For millions of adults in the United States who have prediabetes, regularly eating a couple of handfuls of red raspberries could help reduce their risk of progressing to more serious health conditions, including type 2 diabetes.
That’s according to the results of a new study published in Obesity by a research team led by Britt Burton-Freeman, director of the Center for Nutrition Research at Illinois Institute of Technology’s Institute for Food Safety and Health. The team’s findings point toward specific information that medical professionals can use to help their patients with prediabetes and insulin resistance make dietary changes to improve their health.
“We’re focused on diet as a strategy to prevent transition to disease, and we’re targeting the people who are at risk,” says Burton-Freeman. “Ideally, we can identify such people very early on, so it’s possible to reverse the trajectory toward a disease diagnosis.”
The number of people at risk for diabetes in the U.S. is large. A report put out by the Centers for Disease Control and Prevention estimated that 84.1 million, or about one-third, of adults in the country had prediabetes in 2015.
Burton-Freeman and her colleagues have been investigating bioactive compounds in fruits and vegetables that are linked to a reduced risk of diabetes and cardiovascular disease. The compounds in berries can influence blood glucose levels and the progression of diabetes, she says, while compounds in other plants they’ve studied impact vascular reactivity, which is related to blood pressure regulation and hypertension. The research team’s clinical trials are designed to pinpoint the metabolic effects that the compounds have on human physiology.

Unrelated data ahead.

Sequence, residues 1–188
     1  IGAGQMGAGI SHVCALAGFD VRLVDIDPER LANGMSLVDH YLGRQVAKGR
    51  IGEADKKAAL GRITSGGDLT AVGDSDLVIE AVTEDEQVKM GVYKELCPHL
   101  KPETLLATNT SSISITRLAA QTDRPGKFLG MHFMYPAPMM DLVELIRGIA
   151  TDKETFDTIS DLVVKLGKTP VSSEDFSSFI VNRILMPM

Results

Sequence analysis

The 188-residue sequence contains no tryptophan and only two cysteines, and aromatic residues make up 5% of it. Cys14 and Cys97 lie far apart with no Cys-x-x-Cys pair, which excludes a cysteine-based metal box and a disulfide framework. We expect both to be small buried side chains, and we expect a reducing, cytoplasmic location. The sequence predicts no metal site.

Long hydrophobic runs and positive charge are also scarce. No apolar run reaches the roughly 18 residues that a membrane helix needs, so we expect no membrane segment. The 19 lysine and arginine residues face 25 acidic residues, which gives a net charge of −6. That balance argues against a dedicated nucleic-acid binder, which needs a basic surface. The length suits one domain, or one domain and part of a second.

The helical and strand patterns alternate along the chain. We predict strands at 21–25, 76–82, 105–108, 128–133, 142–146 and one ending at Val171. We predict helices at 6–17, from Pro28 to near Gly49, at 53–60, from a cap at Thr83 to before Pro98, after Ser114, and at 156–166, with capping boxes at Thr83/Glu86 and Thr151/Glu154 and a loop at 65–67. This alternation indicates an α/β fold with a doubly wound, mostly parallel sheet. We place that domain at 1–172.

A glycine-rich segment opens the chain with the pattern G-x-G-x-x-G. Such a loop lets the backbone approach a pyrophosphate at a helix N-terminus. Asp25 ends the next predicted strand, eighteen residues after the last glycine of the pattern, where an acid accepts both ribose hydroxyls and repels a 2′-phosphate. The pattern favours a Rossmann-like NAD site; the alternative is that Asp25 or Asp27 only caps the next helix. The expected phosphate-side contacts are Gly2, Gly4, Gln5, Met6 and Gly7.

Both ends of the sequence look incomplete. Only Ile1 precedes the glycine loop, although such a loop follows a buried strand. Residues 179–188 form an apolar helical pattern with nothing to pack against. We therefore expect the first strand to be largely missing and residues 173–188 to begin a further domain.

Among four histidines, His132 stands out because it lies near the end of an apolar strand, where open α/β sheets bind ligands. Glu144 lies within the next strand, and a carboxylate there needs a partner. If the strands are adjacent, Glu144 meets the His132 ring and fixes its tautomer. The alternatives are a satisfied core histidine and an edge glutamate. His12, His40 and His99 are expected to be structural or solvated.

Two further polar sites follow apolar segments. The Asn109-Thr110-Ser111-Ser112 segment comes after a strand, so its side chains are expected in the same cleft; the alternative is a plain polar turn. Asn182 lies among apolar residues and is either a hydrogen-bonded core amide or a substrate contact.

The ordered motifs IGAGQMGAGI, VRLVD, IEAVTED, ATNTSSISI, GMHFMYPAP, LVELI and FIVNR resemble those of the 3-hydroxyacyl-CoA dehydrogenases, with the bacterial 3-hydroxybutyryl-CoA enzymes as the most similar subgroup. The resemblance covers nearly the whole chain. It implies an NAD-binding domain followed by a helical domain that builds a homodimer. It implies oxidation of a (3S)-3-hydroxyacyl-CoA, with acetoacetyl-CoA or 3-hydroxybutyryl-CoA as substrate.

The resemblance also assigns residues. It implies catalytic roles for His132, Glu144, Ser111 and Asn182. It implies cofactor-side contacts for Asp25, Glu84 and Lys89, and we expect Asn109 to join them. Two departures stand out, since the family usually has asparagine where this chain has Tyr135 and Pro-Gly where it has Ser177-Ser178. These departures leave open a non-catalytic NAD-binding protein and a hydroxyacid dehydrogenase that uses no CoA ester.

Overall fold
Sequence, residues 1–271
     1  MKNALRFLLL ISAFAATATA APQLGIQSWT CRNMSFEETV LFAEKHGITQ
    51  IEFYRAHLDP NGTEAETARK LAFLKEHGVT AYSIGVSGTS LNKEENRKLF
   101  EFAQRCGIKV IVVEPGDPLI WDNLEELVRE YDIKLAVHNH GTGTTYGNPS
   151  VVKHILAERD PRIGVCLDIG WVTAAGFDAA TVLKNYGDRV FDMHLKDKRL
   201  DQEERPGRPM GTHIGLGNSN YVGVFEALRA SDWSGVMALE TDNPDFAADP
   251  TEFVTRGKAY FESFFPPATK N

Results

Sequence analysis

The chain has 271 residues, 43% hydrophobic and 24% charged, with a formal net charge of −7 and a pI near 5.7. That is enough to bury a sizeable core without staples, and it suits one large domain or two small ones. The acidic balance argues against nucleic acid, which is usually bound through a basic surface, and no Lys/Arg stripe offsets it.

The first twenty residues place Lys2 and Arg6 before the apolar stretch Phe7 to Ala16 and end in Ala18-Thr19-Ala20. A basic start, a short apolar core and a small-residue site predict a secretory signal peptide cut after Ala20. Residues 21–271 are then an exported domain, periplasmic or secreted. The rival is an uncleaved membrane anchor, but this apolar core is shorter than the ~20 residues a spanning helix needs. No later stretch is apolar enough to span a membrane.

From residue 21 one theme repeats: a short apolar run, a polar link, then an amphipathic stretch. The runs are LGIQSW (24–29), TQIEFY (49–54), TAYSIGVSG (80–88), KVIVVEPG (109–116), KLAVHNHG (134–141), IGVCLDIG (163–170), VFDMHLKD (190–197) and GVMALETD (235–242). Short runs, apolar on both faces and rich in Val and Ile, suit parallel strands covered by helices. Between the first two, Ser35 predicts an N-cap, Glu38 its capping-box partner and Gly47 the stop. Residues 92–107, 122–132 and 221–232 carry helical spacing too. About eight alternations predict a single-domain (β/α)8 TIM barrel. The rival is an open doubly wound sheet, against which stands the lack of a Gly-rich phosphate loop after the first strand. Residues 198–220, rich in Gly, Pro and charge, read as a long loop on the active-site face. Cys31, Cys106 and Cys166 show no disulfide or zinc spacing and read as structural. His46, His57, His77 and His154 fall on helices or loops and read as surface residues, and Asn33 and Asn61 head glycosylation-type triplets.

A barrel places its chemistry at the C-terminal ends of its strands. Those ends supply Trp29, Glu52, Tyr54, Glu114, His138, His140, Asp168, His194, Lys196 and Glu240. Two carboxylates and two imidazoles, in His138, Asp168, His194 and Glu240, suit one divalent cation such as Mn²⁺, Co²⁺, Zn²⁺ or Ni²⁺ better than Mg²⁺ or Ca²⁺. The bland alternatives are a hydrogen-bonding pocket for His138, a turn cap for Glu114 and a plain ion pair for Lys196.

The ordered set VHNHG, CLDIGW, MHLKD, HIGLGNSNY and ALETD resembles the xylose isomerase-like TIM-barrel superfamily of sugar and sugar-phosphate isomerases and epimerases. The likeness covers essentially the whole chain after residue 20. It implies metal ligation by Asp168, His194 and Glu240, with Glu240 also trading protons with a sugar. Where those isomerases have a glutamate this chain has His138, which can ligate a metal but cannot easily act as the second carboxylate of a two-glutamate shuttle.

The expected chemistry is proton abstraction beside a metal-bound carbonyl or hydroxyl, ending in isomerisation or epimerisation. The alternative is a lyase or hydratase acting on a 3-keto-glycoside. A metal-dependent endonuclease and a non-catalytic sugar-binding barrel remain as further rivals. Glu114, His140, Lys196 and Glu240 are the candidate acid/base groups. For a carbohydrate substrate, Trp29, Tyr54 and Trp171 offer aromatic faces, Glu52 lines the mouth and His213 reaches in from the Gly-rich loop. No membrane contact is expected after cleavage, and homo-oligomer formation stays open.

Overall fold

This most recent study, titled “Attenuation of Postmeal Metabolic Indices with Red Raspberries in Individuals at Risk for Diabetes: A Randomized Controlled Trial,” focused on a group of people at risk for diabetes who were overweight or obese and had prediabetes and insulin resistance. The study also included a metabolically healthy control group. All were given breakfasts with zero, one, or two cups of raspberries on different days, and their glucose and insulin levels were tested during the 24 hours following the meals. When the at-risk group ate the meals with two cups of raspberries, they needed less insulin to control their glucose levels than when they ate no raspberries, indicating the potential benefits of adding raspberries to their diet.
Following up on these findings, Burton-Freeman notes that these data support conducting a clinical study to measure the metabolic impact of raspberries over a longer duration of four weeks rather than 24 hours. Currently, her group is engaged in a study on the metabolic effects of raspberry consumption on cognitive function.
Looking ahead, she and her team plan to investigate how a person’s progression toward disease—for example, someone newly identified with prediabetes versus someone who has been struggling with climbing glucose and declining insulin levels over a few years —may impact the effectiveness of a specific dietary intervention.
“We’re hoping our research can be actionable,” Burton-Freeman says, “and help people improve their diets to reduce the risk for diabetes and cardiovascular disease.”